Fort Jefferson, the central cultural feature of Dry Tortugas National Park, lies 68 nautical miles west of Key West, Florida. Thirty years in the making (1846-1875), Fort Jefferson ranks as one of the largest coastal forts ever built, covering an area of nearly 17 acres. Enslaved Africans were instrumental in the construction of Fort Jefferson. Despite its remote location, seven enslaved Africans attempted to escape from the fort in 1847. In 1862, Fort Jefferson, now occupied by Union Forces, discontinued the use of slave labor when the commanding officer Colonel Joseph S. Morgan of the 90th New York Infantry declared all enslaved laborers liberated from their owners. On April 18, 1863, the slave rolls at Fort Jefferson were officially discontinued, though legally the fort was in Federal control and therefore exempt from the provisions of the Emanicipation Proclamation.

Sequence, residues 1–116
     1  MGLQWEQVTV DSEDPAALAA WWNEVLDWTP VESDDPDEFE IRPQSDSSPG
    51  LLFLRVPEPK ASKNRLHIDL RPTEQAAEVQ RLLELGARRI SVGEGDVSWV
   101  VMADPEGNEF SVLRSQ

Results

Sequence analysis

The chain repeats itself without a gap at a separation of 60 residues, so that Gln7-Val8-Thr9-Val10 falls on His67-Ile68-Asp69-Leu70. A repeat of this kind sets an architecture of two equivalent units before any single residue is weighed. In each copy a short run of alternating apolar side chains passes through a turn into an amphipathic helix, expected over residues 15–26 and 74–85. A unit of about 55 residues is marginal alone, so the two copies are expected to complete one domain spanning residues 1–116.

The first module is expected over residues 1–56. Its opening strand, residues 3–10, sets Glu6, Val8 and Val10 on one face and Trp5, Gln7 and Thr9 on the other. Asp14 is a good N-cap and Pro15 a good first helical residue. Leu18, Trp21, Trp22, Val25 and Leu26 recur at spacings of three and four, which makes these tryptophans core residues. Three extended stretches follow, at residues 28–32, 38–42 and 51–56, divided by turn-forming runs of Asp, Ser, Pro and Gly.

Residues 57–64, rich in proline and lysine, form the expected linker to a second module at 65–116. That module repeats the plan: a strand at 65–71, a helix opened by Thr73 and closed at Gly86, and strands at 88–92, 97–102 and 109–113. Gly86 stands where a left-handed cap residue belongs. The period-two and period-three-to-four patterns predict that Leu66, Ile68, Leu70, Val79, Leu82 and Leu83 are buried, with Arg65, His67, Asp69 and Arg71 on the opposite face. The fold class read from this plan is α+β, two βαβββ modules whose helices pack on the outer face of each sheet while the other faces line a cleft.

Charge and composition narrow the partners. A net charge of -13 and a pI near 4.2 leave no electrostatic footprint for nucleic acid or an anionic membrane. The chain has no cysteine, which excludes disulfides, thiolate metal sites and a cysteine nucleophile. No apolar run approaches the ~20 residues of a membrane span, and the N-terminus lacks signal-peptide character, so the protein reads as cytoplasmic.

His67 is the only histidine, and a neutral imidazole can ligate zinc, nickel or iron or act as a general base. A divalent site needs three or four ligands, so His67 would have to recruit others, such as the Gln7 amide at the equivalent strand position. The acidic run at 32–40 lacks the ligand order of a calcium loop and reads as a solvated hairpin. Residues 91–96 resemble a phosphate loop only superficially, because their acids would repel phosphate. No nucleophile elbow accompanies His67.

Visitor Information: Currently open to public.
Location: National Park Service, 40001 State Road 9336, Homestead, FL, 33034
National Park Unit: Yes
Ownership: NATIONAL PARK SERVICE
Location Type: Site
People/Organizations Associated with the site: Captain John Thompson (Slave Catcher),Colonel Joseph S. Morgan,Dr. Daniel W. Whitehurst (Slave Catcher),Lieutenant H.G. Wright (Overseer)